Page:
Consumers complain about cars more than any other item, according to Citizens Advice. Typically, the consumer body receives over 45,000 grumbles a year, with just over two thirds relating to used cars.
However, few of us know the law or what it entitles us to if we’re not entirely satisfied. Read on to find out what you can and can’t ask for if things go wrong.
When you buy from a dealer
You will enjoy the greatest level of consumer protection if you buy from a dealer. New cars and motorbikes, or those that are less than six months old, can be rejected if they are faulty. The dealer must prove the fault was not present at the time of manufacturing, and should be offered one chance to fix the fault. After that, you’re entitled to reject it.
However, it becomes more complicated for those who bought their car through a finance company. And given the rise in finance packages for new or nearly-new cars, that’s the majority of drivers. In that case, you’ll need to instruct the finance company to speak with the car’s supplying dealer.
Older cars should be fit for purpose, of satisfactory quality for their age and price, and must be as described, as stipulated by the 1979 Sale of Goods Act. So, if something is preventing the car from working correctly, you could be entitled to a repair if this is uncharacteristic for the car’s age and price.
When you buy privately
Drivers who buy a car from an auction have little legal protection, so it’s not an advisable option for the inexperienced car buyer.
Trading Standards urges only slightly less caution for anyone buying from private individuals: “The legal principle of ‘caveat emptor’, or ‘buyer beware’ applies. You have no right to expect that the vehicle is of satisfactory quality or fit for its purpose, but there is a requirement that it should be ‘as described’.”
That means if an advertisement says ‘low mileage, one previous owner’, the vehicle must fulfil those criteria. You are also entitled to expect that the vehicle is roadworthy – unless it has clearly been bought for spare parts, to help keep a classic car running for example, or scrap.
Buying a new car online
Some good news. The law is scrabbling to keep pace with consumers’ shopping habits. Increasing numbers of us are comfortable with buying expensive items such as a car or motorbike online. Automotive industry analyst Frost & Sullivan says that by 2025, a quarter of new cars sold in the UK will have been bought over the internet.
To protect those shopping from the comfort of their sofa, buyers now have a 14-day ‘cooling off’ period, where they can change their mind after placing an order online. The directive was introduced in June, ahead of a new UK Consumer Rights Act that will come into force later this year.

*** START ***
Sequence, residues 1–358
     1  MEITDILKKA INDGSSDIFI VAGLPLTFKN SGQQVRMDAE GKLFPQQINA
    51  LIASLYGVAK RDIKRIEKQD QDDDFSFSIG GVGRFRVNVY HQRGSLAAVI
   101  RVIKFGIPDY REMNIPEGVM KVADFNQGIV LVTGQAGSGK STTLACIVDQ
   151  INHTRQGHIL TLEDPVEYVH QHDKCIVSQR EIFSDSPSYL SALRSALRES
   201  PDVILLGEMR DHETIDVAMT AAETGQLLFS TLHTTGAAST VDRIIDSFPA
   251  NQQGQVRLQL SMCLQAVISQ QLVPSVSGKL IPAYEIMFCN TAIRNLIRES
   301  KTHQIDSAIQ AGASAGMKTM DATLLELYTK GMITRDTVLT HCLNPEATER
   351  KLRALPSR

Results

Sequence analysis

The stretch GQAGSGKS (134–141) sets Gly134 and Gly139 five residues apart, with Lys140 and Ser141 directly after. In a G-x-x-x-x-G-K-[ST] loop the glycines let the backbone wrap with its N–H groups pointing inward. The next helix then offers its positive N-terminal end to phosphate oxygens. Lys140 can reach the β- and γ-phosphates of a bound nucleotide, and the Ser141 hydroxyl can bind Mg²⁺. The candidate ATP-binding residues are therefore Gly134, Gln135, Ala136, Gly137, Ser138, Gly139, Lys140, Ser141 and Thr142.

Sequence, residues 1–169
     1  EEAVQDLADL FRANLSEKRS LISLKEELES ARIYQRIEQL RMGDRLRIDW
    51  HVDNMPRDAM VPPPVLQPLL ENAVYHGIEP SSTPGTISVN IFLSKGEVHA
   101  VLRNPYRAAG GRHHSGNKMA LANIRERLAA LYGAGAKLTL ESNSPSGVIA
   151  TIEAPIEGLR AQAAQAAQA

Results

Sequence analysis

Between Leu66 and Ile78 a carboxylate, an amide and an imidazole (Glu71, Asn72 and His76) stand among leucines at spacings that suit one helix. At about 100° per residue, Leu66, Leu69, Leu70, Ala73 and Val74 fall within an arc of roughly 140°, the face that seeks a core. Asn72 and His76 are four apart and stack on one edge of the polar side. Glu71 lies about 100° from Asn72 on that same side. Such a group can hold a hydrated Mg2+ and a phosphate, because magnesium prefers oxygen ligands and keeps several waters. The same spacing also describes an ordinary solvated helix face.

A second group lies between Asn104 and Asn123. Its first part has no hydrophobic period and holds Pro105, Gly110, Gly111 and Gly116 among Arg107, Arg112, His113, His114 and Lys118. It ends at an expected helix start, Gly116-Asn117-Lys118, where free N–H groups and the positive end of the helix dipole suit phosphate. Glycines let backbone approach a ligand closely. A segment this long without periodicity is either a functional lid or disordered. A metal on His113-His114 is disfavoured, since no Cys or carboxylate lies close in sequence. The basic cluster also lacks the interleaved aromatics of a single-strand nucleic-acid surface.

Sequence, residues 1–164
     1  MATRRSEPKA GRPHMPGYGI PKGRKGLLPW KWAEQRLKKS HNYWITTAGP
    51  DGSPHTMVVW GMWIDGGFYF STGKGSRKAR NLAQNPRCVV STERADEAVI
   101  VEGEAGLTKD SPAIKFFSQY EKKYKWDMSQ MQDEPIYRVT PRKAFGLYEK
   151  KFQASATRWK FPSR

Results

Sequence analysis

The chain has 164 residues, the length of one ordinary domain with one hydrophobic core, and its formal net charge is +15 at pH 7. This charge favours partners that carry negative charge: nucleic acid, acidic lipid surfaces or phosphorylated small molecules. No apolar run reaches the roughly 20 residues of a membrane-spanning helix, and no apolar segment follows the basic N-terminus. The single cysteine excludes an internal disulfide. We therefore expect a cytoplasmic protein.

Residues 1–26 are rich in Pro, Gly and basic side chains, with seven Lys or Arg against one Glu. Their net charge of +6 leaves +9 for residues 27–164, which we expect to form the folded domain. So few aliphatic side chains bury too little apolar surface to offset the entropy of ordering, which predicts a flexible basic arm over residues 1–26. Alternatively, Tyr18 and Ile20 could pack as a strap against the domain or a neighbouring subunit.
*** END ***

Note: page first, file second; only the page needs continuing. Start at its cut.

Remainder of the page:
Buyers can also change their mind for up to 14 days from the moment they take delivery of the car, so long as they received cancellation information when placing their order, or before the car was delivered. If they are passed the cancellation information after they take delivery of the car, the cooling off period ends 14 days after they got that information.
The dealer must then refund the customer within 14 days of being notified of the cancellation.
3 comments on “Consumer rights when buying a car or motorbike”
I have just bought a motorbike from a bike trader/dealership on EBay.
In the advert description it stated, “All paintwork, wheels, frame and exhaust system in spotless condition”.
I asked the seller several times about the condition of the bike. He said it was in “mint condition” and I would be disappointed. I was unable to actually go and view the bike due to Covid 19 hence I asked about the condition several times.
I paid £4343.00 for the motorbike using my RBS credit card on the 16th June 2020. This price included the cost of the motorbike being delivered by courier service.
The motorbike was delivered on the 25th June 2020. The courier arrived, got my motorbike out the van, gave me the motorbike documentation and then drove off. I did not have to sign for delivery
On inspection of the motorbike I found the following issues:
• Corrosion on both wheels
• Corrosion on all the engine casing
• Rust on the rear of the frame
• Corrosion on the rear shock absorber
• Corrosion on swing arm which had been badly hand painted over in an attempt to cover it up
I contacted the dealer and advised that the motorbike was not as described in the advert and under the Consumer Rights Act 2015 I wanted him to collect the bike and give me a full refund. He was very abrupt but eventually said he would give me a refund however only for the bike and not for the delivery costs. This means I will be out of pocket by £300.00 for a bike which was falsely described in the advert.
Could you offer please any advice regarding this matter?
Hello I Brough a brand new moped from a lexmoto dealership, since the 2 month I have had nothing but trouble with it, first was the head lights not working to the motor cutting out first thing in the morning and whilst I’m driving and just recently I.e this week the starter motor has seized up whilst in the dealers garage shop as they was fixing my head lights, so I been using the kick start, there was an awful sound coming from the engine they said its normal as the starter motor isn’t running….. And today it dies on me in the middle of a dual carriage way, they say cutting out in morning is normal… Now the bike is less than 7 months old just done over 2500 miles, am I in my right to ask for a new bike in place as its disrupted my work An personal life, can I get any advice.
Hi purchased a second hand motorcycle described as a 1975 but after paying I get told it’s a 1976 model year not explained before paying this is from a dealer